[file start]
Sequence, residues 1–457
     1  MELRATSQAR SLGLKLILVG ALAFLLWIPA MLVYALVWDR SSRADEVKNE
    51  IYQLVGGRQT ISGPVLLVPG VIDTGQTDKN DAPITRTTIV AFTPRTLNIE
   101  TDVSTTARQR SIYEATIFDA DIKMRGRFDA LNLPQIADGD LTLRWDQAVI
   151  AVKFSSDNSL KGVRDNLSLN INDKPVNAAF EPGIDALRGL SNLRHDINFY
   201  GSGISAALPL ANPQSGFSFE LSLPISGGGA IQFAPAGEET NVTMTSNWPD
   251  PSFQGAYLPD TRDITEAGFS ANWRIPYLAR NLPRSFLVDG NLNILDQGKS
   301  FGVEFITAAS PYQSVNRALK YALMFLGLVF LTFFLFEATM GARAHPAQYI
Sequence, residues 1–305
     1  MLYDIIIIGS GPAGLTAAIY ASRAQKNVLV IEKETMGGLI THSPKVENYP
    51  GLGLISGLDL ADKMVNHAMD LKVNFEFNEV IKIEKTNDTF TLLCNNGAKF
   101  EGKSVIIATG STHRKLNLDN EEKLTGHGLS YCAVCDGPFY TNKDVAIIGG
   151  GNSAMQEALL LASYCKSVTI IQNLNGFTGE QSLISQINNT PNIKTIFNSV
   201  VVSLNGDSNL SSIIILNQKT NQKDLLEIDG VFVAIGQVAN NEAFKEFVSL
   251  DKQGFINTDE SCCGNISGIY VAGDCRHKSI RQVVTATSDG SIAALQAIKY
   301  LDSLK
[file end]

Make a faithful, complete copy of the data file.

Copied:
Sequence, residues 1–457
     1  MELRATSQAR SLGLKLILVG ALAFLLWIPA MLVYALVWDR SSRADEVKNE
    51  IYQLVGGRQT ISGPVLLVPG VIDTGQTDKN DAPITRTTIV AFTPRTLNIE
   101  TDVSTTARQR SIYEATIFDA DIKMRGRFDA LNLPQIADGD LTLRWDQAVI
   151  AVKFSSDNSL KGVRDNLSLN INDKPVNAAF EPGIDALRGL SNLRHDINFY
   201  GSGISAALPL ANPQSGFSFE LSLPISGGGA IQFAPAGEET NVTMTSNWPD
   251  PSFQGAYLPD TRDITEAGFS ANWRIPYLAR NLPRSFLVDG NLNILDQGKS
   301  FGVEFITAAS PYQSVNRALK YALMFLGLVF LTFFLFEATM GARAHPAQYI
Sequence, residues 1–305
     1  MLYDIIIIGS GPAGLTAAIY ASRAQKNVLV IEKETMGGLI THSPKVENYP
    51  GLGLISGLDL ADKMVNHAMD LKVNFEFNEV IKIEKTNDTF TLLCNNGAKF
   101  EGKSVIIATG STHRKLNLDN EEKLTGHGLS YCAVCDGPFY TNKDVAIIGG
   151  GNSAMQEALL LASYCKSVTI IQNLNGFTGE QSLISQINNT PNIKTIFNSV
   201  VVSLNGDSNL SSIIILNQKT NQKDLLEIDG VFVAIGQVAN NEAFKEFVSL
   251  DKQGFINTDE SCCGNISGIY VAGDCRHKSI RQVVTATSDG SIAALQAIKY
   301  LDSLK